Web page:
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Languages of Sardinia


Modern linguistics tends to avoid the term "dialect" because of the negative connotations connected with that word (as in "Oh, that's just a dialect.") It is much easier—and linguistically precise—to call everything a "variety of language" or, better, simply a "language." ("Languages" may be official; "dialects" are not; that is, as linguists like to joke, a language is a dialect with an army (!)—or at least the political power to declare itself "official." As Latin splintered along with the Roman Empire, the pieces—dialects—became "real" languages when the people who spoke a particular regional brand of vernacular medieval Latin got enough clout to declare that theirs was the official language of the area they lived in; the reason we have Spanish, Portuguese, Italian, and French is that we first had Spain, Portugal, Italy and France. Now we have Catalan, Gallician, and Sardinian. All of those languages are members of the Romance family of languages, a branch of the larger Western Indo-European family. Isolation tends to discourage rapid language change, and Sardinia is obviously isolated; thus, the languages spoken on the island are relatively conservative; that is, they have changed slowly over the centuries.

When we say that Sardinian is a Romance language—and, thus, related to Spanish, French, and Italian—we are saying just that just as in Spain, France, and Italy, Roman domination had a lot to do with the language(s) spoken on the island. Indeed, Rome ruled Sardinia from the date of the first Punic War (238 BC) until the fall of the Roman Empire (the late 400s). Thus, anyone who reads Spanish or Italian can look at the written Sardinian language and see that it is a "Latin" language. Yet, the island had a long history before the Romans arrived, a history of many peoples speaking their languages. We know that the Phoenicians settled on Sardinia; before that we know that an early Sardinian culture built the many nuraghi; and before that, there were the peoples of the Ozieri culture, the late Neolithic and Copper Age communities in the north of Sardinia. We should thus expect to find in Sardinian languages some influences of pre-Latin languages that exist at the level of what linguists call the substrate—deep down below the Latin, just as we find examples of ancient Greek in languages on the southern Italian peninsula, for example. One also expects to find later influences from Byzantine Greek and Spanish on Sardinia. (If you find some Basque or Etruscan, good for you!—you are learning just how complicated this can be.) For our purposes, it is enough to note that, indeed, the languages of modern Sardinian are Romance, but that they are built on a very rich substrate of other earlier influences. Thus, in many Sardinian languages we have from Phoenician the word míntza for water or spring; cúcuru (summit or mountain top)—especially interesting since there is a Basque word, kukur, that means the same thing (thus there may be a proto-Iberian influence). There are pre-Latin grammatical influences, as well, having to do, for example, with the way words form plurals or the uses of prefixes and suffixes, etc.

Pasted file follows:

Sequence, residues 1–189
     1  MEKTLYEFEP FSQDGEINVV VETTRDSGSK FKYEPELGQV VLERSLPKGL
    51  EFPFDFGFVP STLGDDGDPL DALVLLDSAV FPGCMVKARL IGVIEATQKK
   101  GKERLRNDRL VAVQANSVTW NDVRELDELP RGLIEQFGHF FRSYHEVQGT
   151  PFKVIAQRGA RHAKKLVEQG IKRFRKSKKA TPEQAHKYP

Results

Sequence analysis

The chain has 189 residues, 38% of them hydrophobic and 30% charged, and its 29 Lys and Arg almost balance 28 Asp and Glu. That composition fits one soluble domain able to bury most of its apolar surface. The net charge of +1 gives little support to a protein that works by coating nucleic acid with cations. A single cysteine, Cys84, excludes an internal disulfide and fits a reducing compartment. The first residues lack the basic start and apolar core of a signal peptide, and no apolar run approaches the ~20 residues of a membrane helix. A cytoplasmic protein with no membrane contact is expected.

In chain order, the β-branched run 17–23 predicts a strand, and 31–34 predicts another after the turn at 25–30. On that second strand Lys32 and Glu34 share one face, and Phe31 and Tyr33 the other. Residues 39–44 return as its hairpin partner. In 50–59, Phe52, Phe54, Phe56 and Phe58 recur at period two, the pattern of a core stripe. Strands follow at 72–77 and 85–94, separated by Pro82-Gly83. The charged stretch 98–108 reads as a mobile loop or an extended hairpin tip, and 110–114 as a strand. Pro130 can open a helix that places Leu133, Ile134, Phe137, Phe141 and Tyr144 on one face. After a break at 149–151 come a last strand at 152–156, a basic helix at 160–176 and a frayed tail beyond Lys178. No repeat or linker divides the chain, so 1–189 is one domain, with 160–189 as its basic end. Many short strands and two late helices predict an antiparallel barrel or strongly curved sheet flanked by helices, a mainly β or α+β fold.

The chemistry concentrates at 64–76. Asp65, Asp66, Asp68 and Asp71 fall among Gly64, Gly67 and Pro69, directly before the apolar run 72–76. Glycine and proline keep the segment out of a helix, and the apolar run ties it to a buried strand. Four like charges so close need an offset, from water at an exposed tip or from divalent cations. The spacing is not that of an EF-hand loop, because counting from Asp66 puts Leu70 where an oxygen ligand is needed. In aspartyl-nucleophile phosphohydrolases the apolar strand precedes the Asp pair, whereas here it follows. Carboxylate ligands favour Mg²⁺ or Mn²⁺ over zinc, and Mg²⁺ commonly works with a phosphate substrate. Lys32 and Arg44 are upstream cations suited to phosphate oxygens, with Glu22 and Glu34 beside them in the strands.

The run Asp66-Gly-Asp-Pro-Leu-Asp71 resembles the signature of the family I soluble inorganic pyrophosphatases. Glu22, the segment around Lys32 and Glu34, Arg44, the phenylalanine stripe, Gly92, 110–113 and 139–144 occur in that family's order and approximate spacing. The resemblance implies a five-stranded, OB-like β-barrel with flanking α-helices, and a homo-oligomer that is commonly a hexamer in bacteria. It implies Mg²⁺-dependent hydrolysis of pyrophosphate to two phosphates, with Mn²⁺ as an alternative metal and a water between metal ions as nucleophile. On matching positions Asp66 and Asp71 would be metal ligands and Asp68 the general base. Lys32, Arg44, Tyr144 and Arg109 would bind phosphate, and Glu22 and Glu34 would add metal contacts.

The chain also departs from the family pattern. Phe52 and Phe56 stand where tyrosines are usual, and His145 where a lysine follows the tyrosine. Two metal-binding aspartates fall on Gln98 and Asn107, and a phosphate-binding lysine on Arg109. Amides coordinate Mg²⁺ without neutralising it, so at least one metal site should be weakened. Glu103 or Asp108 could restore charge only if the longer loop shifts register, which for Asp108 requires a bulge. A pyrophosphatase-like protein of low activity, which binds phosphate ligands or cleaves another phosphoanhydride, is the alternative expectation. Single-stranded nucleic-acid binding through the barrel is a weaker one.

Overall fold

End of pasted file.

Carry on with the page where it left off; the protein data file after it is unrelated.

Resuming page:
Linguists look at all this and tell us that, roughly, you can divide "Sardinian" into northern, central, and southern varieties; additionally, there are interesting sidelights such as the existence in the northwest of a Catalan variety of Sardinian (that is, people from Alghero on the northwest coast of Sardinia can easily converse with people in Barcelona in Spain) and the similarity between extreme northern Sardinian and the language spoken at the southern tip of Corsica, the island just a few miles away to the north. From extreme south to extreme north, the regional varieties of language are not necessarily mutually comprehensible any more than Spanish and Italian are.

We are in the midst of a Europe-wide recognition of minority languages; thus, we now have four official languages in Spain, and, in the "semi-autonomous" Italian region of Sardinia, there is now recognition of the "Sardinian language." It is difficult, however, to gauge exactly what this means. At the very least, it means that a Limba Sarda Comuna (Common Sardinian Language)— a compromise language of regional varieties worked out by scholars—now exists and its use is encouraged. Although standard Italian is obviously the major language of the island, it is common to see, for example, signs in Sardinian and find instructional media in Sardinian for schools, and to find television and radio programs in the language. Official documents may also appear in Sardinian (and Italian); that is a step further than is the case with other "dialects" in most other parts of Italy. (There is, for example, no official use of "Neapolitan" in the Campania region of Italy.) This has to do with the "semi-autonomous" status of Sardinia.


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